Ethics & the Executive Branch: Case In Point
John Heilprin, Associated Press - February 22, 2007
House Speaker Nancy Pelosi called for tighter ethics rules in federal agencies Wednesday after government officials approved the purchase of a $980,000 vacation home by a top Justice Department lawyer with an oil company lobbyist.
Pelosi's criticism followed an Associated Press report last week that department ethics officials did not object when Sue Ellen Wooldridge, then head of the environment division, was buying a South Carolina beach house with Donald R. Duncan, the top Washington lobbyist for ConocoPhillips.
"If in fact Ms. Wooldridge got such a pass from the ethics committee of the executive branch, then certainly the executive branch ethics process needs a look as well," Pelosi, D-Calif., said when asked about the house purchase at a San Francisco news conference.
Indeed, efforts are well underway. On February 13th, Oversight Committee Chairman Henry Waxman introduced The Executive Branch Reform Act, a comprehensive reform measure that would increase transparency in the executive branch by requiring senior government officials to report significant contacts with lobbyist. Watch his opening remarks at the hearing, which we covered here:
Ending Secret Meetings Between Lobbyists and Executive Branch Officials. The legislation stops the practice of secret meetings between lobbyists and Executive Branch officials by requiring all political appointees and senior officials in federal agencies and the White House to report the contacts they have with lobbyists and other private parties seeking to influence official government action. The reports, which will be filed quarterly and maintained on a searchable database at the Office of Government Ethics, must disclose the dates of meetings, the parties involved, and the subject matters discussed.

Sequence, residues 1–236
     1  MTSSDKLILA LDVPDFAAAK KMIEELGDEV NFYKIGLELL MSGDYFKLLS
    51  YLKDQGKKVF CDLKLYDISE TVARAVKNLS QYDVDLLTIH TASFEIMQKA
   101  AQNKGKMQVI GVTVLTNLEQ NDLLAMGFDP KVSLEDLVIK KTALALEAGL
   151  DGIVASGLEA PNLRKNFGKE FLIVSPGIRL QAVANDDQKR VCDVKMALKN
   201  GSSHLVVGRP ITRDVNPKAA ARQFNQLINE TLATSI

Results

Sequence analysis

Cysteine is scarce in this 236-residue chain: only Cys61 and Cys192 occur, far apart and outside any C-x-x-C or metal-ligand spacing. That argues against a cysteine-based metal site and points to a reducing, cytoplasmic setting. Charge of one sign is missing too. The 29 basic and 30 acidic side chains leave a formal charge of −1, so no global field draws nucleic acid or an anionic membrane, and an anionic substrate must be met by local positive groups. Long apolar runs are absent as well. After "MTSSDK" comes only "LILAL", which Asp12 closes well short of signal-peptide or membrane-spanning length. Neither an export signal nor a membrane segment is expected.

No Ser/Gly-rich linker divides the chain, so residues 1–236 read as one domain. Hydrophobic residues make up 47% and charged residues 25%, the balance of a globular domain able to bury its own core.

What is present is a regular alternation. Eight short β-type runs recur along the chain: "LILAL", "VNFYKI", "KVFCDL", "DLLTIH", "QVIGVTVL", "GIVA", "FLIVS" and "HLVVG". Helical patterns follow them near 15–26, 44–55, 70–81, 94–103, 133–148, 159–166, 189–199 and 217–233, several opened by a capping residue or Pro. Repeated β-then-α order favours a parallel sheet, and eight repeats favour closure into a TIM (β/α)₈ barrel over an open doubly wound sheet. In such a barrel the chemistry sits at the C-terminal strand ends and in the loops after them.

Closing the Revolving Door Between Lobbyists and Government. For the first time, the legislation creates a federal ban to prevent lobbyists who enter government from handing out favors to their former clients. In addition, government officials will be prohibited from negotiating future employment with private interests who are affected by their official actions. Officials who leave government to become lobbyists would not be able to lobby their former colleagues for two years (current law has only a one-year ban).
Closing the Revolving Door Between Contractors and Government. Executives who worked for private contractors will be barred from awarding contracts to their former employers when they enter government. The bill also closes multiple loopholes in the law governing when government procurement officials can be hired by companies to whom they awarded contracts.
Ending the Use of "Pseudo-Classifications." The bill advances the cause of open government by eliminating the use of unregulated "pseudo-classifications" such as "sensitive but unclassified" or "for official use only." The legislation would require the development of regulations and standards governing the use of any information control designations by federal agencies. Any use of administrative designations to withhold unclassified information from the public would be banned unless authorized by statute or the new regulations.
Banning Covert Propaganda. The bill addresses the growing problem of government-sponsored covert propaganda by requiring the federal government to disclose its role in funding or disseminating messages to the American public. There would be no more Armstrong Williamses if this bill becomes law.